It looks the same everywhere, but can behave very differently depending what page it’s on. It is completely unclear that posting on your own wall is different than posting on someone else’s, which has been very aptly demonstrated by my newly-facebookified mother, who replied to multiple wall posts by setting her status. The concept of a “status” is completely hidden unless you already know how it works.

  • This could be easily remedied – for starters, change the post button text to say “Set Status” when on your own profile page, unless posting a special type of content.

(See also the note on post format – either change the format so it works better, or split statuses back out to a separate entity. And the “What’s on your mind?” line is a bit hokey, but I can’t think of anything better than “Post stuff” or “What do you want to share today?”)

The Recent activity thing is confusing
Labeling activity on the wall as “recent” serves no useful purpose for two reasons:
1) I can figure out if yesterday is recent on my own, thank you, based on the post’s timestamp
2) The “Recent Activity” boxes are all through the wall, even if the activity is no longer recent. This makes the term “Recent” totally useless.

This is/was done (I think) because it is easier to filter programmatically and visually groups wall posts and informational stuff separately. However, it would still be better to use the “Today”, “Yesterday”, “Some other day” headings, grouping the posts and other activity underneath. The smart date headings were great because they are very simple, require no interpretation, and (most important!) give the user control over what they think is “recent” enough to be interesting. I honestly don’t care if it’s recent, I just care if it’s interesting to me and generally when it happened.

The single “delete” button is not intuitive
When I click it, I do not expect a particular friend to stop showing up on my news feed, I expect to just get rid of (or de-rate) that particular post or post type. The friend-based behavior is redundant – news feed supposedly already rates somewhat based on friend activity/interaction. This is an example where simplification is completely irrelevant – it’s simpler, sure, but it a) isn’t very useful and b) doesn’t work the way users expect.

Wall post filtering is not designed from a user’s perspective
This one is sticky. The wall has been restructured for ease of use by everyone but the person who owns the profile. The defaults should be to show user+friends, with option to show only friends or only user. The current settings emphasize broadcasting the activity of the user, rather than letting the user choose how they want their wall to work and be used.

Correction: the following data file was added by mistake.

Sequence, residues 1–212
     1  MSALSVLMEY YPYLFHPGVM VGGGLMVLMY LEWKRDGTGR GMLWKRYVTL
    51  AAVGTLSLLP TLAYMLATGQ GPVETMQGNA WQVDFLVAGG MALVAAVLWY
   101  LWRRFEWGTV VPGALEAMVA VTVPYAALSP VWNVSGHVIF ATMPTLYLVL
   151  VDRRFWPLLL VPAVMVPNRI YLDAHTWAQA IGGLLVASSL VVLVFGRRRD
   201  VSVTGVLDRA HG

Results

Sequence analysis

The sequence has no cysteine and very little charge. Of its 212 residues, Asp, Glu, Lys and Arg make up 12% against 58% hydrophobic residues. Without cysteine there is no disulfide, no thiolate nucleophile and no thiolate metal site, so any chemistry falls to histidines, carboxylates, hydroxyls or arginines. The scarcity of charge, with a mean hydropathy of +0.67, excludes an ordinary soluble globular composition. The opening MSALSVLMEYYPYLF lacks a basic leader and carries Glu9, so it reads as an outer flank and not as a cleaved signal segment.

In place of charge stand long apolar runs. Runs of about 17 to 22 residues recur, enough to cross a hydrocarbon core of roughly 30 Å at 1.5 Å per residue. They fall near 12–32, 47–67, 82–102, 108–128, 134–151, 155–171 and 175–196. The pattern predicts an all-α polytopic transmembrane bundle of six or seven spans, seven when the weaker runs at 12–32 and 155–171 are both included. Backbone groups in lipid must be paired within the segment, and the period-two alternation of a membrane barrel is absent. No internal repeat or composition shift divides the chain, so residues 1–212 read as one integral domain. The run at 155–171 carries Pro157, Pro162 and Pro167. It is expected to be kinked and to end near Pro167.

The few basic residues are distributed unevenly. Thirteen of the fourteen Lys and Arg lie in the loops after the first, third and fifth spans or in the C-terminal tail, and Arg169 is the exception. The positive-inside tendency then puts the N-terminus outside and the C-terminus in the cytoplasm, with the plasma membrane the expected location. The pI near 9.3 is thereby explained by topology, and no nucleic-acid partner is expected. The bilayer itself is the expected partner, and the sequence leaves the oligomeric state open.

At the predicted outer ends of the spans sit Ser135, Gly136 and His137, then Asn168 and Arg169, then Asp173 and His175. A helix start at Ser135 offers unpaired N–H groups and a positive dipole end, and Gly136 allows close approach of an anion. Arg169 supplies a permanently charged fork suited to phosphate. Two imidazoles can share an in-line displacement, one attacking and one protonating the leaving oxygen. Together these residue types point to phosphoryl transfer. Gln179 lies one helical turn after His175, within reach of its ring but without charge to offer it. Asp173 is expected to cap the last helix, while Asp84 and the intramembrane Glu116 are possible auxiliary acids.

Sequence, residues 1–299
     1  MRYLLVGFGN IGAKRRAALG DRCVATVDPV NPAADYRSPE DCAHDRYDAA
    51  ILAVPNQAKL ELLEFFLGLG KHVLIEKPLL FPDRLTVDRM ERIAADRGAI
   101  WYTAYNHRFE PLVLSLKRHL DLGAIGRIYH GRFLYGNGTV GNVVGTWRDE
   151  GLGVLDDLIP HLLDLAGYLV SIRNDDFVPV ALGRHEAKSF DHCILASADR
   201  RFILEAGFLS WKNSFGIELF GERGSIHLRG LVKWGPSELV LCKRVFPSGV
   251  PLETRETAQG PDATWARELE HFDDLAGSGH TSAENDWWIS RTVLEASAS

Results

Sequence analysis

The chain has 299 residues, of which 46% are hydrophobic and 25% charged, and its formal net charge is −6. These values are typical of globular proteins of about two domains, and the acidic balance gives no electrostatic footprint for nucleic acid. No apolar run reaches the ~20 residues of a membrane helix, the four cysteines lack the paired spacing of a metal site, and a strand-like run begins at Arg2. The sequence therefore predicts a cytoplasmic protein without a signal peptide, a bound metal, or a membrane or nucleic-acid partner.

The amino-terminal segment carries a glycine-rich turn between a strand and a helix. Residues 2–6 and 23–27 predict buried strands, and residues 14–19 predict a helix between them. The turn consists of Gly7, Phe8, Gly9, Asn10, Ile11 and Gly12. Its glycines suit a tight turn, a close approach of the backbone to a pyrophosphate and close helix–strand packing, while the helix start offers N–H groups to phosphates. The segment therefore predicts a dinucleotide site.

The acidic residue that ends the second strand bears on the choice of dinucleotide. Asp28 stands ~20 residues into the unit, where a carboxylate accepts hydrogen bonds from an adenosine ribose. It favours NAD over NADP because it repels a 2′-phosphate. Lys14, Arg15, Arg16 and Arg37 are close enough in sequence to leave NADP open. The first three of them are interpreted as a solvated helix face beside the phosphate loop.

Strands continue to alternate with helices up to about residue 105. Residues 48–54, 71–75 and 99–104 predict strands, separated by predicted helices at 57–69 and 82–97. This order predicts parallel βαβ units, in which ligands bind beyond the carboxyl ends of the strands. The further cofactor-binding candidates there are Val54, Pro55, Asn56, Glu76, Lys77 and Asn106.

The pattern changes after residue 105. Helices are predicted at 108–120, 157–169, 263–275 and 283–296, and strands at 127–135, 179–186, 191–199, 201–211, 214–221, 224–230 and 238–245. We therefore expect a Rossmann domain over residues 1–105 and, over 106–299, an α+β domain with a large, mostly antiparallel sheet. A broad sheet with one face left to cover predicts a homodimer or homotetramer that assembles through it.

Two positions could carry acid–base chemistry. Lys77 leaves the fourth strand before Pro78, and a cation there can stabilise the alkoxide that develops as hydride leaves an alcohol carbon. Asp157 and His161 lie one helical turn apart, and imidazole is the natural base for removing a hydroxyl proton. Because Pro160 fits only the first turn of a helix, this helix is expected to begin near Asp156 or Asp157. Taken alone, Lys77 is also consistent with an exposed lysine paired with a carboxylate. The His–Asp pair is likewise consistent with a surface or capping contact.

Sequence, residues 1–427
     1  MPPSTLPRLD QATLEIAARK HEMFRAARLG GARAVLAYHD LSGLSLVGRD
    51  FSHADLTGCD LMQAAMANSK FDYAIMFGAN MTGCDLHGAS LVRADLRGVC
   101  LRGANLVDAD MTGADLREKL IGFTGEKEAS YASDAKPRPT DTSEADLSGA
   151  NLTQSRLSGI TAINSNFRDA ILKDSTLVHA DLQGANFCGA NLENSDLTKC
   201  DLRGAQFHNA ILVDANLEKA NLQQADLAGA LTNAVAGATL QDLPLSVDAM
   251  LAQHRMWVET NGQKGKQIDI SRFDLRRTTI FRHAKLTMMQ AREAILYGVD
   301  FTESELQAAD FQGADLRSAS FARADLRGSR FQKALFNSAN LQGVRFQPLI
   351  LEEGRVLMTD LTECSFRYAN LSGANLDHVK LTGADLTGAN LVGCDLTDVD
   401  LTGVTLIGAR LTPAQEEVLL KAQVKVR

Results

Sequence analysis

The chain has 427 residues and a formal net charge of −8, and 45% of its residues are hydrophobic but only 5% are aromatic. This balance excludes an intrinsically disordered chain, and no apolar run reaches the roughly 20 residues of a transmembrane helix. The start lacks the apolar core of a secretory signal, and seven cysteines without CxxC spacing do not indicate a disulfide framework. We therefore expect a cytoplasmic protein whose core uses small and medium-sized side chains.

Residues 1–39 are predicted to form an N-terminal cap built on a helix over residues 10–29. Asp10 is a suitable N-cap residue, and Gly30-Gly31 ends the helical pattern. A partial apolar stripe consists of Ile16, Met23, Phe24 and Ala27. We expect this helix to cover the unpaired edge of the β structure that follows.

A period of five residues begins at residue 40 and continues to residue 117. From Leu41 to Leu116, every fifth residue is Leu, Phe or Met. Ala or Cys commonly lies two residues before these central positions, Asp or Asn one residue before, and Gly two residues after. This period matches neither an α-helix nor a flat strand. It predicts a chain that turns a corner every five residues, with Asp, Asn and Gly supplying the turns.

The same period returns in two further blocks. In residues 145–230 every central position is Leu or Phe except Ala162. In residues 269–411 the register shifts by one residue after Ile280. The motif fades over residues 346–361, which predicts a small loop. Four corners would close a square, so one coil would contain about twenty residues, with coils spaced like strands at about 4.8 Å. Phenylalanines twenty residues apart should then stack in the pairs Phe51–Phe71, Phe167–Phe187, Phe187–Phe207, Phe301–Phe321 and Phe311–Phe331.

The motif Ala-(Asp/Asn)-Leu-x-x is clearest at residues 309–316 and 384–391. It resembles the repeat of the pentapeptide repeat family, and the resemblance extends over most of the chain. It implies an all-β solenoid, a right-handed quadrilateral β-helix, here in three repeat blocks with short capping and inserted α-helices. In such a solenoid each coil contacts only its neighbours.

Wall posts no longer have a “Reply” link
This is a UI dilemma – it’s a duplicate feature. Yes, you can just as easily post on a friends wall by clicking their name or on the “Wall-to-Wall” link, but if I’m replying, I look for a “reply” link. It’s not intuitive to click one of the other links. It would be amazingly intuitive to click “reply” and have a post box drop down (or pop up), like a comment, only it would post directly to the friend’s wall instead of commenting. This would be a killer feature.

The new feed is a lot of information in a huge, daunting list
It’s very hard to get useful information out of so much data. The old feed algorithm provided a much better balance and control over what showed up – now I have almost no useful control. See also the note above about wall post activity/date headings.

I no longer have control of post types in the News Feed
Before, there were preferences with sliders to customize the type of content that came across my feed. Now the only way to do that is manually, with application filters. Not good.

And now in the Visual Miscues section…

Post format is visually muddled
Previously, the name of the poster was in a sort of header and the message was separate. The current run-on format is harder to read because it is not visually well-defined. It works great for statuses, but nobody writes wall posts like statuses. Heck, most people don’t write statuses like statuses. For wall posts, a better balance between space and readability would be good – even just putting a break between the name and post.

The new feed is harder to read – no visual formatting!